As example, he offers the case study of a patient who experienced a telepathic dream, in which the dreamer's second wife gave birth to twins. This was confusing to him because he had no desire to have children with her, and had even admitted that they no longer had sexual relations. Two days later, the man received word that his daughter had given birth to twins on the night of his dream. Freud interprets the dream as a wish-fulfillment of the man's desire for his second wife to be more like the daughter (from his first marriage), who was obviously pregnant at the time. Though Freud believes psychoanalysis addressed the dream's seemingly telepathic content, he also cautions that he cannot be sure whether the dream was actually mystical.

Freud next discusses thought-transference, or the phenomenon by which “ideas, emotional states, [or] conative impulses” seem to be transferred from one person to another, without the use of any signs or language (49). He relates several cases of patients who seem to have performed thought-transference; these include: a woman unable to conceive children with her husband; a young man in love with his sister; and another young man suffering from a compulsion to abuse his mistress. Freud believes that all of these patients experienced some form of thought-transference, but insists again that he can only exhibit the possibly of occult phenomena, and has no evidence to empirically prove its existence.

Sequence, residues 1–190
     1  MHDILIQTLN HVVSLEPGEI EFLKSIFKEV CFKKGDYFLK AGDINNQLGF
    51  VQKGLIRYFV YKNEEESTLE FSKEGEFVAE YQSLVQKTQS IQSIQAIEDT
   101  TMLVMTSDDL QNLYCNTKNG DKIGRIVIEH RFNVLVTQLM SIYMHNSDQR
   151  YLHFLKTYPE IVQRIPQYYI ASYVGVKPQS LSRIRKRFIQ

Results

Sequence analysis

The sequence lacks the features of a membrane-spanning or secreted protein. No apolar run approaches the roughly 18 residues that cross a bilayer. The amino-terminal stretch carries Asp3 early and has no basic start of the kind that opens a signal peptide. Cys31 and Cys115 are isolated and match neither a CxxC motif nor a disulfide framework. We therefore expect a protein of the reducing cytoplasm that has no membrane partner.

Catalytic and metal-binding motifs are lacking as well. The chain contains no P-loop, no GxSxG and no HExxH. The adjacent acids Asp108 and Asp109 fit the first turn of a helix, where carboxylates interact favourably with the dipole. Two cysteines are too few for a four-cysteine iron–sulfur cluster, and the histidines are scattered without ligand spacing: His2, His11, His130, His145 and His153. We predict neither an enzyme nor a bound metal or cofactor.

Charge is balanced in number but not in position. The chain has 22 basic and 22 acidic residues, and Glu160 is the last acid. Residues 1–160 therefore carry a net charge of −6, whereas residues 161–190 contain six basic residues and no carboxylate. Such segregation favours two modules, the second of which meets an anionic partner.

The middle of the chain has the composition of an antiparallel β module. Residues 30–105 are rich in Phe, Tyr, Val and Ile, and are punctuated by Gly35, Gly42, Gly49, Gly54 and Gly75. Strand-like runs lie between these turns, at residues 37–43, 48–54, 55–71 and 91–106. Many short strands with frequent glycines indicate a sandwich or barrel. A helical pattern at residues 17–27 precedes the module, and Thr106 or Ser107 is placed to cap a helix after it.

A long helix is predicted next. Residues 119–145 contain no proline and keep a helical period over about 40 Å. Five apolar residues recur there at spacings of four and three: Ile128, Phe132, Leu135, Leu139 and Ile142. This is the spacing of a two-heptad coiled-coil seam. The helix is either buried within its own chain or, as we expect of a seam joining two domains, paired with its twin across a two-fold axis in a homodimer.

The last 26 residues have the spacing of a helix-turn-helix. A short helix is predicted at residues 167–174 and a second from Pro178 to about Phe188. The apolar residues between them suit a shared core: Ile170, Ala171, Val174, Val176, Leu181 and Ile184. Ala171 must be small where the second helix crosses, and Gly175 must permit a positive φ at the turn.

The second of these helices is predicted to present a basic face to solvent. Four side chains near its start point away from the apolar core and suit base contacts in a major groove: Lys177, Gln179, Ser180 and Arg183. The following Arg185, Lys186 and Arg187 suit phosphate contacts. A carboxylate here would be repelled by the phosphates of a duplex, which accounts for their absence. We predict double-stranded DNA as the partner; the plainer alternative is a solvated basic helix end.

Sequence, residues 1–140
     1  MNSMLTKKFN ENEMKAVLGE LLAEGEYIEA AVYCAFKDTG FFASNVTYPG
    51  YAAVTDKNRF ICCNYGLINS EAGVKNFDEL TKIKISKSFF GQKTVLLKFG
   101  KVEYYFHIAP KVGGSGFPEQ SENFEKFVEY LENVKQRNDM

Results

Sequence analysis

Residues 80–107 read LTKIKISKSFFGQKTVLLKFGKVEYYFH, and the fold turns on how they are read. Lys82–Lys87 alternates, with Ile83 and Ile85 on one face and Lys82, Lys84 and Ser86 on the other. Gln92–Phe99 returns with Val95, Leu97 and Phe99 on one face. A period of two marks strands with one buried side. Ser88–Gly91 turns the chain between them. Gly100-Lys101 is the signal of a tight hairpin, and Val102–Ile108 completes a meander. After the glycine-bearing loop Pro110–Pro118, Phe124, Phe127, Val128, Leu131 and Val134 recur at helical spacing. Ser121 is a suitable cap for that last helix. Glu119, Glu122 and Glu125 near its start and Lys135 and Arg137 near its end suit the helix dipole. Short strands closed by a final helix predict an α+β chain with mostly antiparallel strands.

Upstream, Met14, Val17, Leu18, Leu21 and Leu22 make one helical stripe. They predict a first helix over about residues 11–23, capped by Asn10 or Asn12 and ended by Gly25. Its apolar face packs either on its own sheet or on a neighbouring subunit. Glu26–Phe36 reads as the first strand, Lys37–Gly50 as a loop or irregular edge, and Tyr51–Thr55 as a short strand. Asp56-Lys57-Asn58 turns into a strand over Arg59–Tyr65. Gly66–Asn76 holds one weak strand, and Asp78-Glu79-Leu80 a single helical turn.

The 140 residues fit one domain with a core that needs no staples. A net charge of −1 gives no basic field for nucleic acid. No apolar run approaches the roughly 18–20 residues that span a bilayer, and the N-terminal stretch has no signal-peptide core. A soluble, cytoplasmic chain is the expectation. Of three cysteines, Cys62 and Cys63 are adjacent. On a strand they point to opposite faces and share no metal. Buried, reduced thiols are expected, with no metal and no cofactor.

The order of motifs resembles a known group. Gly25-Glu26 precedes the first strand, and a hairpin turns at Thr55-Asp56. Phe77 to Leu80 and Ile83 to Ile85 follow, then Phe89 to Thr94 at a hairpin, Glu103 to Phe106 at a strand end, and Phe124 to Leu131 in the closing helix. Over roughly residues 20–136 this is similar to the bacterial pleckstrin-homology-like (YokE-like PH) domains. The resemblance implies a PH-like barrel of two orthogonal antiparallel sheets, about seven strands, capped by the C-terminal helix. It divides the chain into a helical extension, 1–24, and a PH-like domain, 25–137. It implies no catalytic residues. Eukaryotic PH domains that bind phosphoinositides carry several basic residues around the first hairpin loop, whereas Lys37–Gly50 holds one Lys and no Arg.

The next part of the lecture is devoted to a long case study of "Herr P," another of Freud’s patients who seemed to have experienced thought-transference. Shortly after receiving a visit from an English Doctor named Forsyth, Freud saw Herr P., who shared that he had recently been called “Herr von Vorsicht,” which translates to “Mr. Foresight.” Because of the similarity in names, Freud wonders whether his own thoughts had been transferred to Herr P., or vice-versa.

Overall, Freud asserts that his experience with patients suggests the existence of thought-transference, which would mean some occult phenomena exist. However, he also hypothesizes that his experience might simply signify the human equivalent to insect communities, who share a common purpose without the use of language of communicative signs. This would serve as a scientific explanation for his case studies.

He mentions a final example, in which a mother and her young son were in analysis with the same psychoanalyst, Dorothy Burlingham. Burlingham published a paper discussing how the mother once spoke of a golden coin from her childhood, then returned home from her session to find her son wished her to safeguard a different gold coin. A few weeks later, when the mother sat to record the story, the son appeared, asking for the coin to be returned. Burlingham could discover in analysis no reason for the boy's action, which Freud describes as having come upon him “like a foreign body” (69).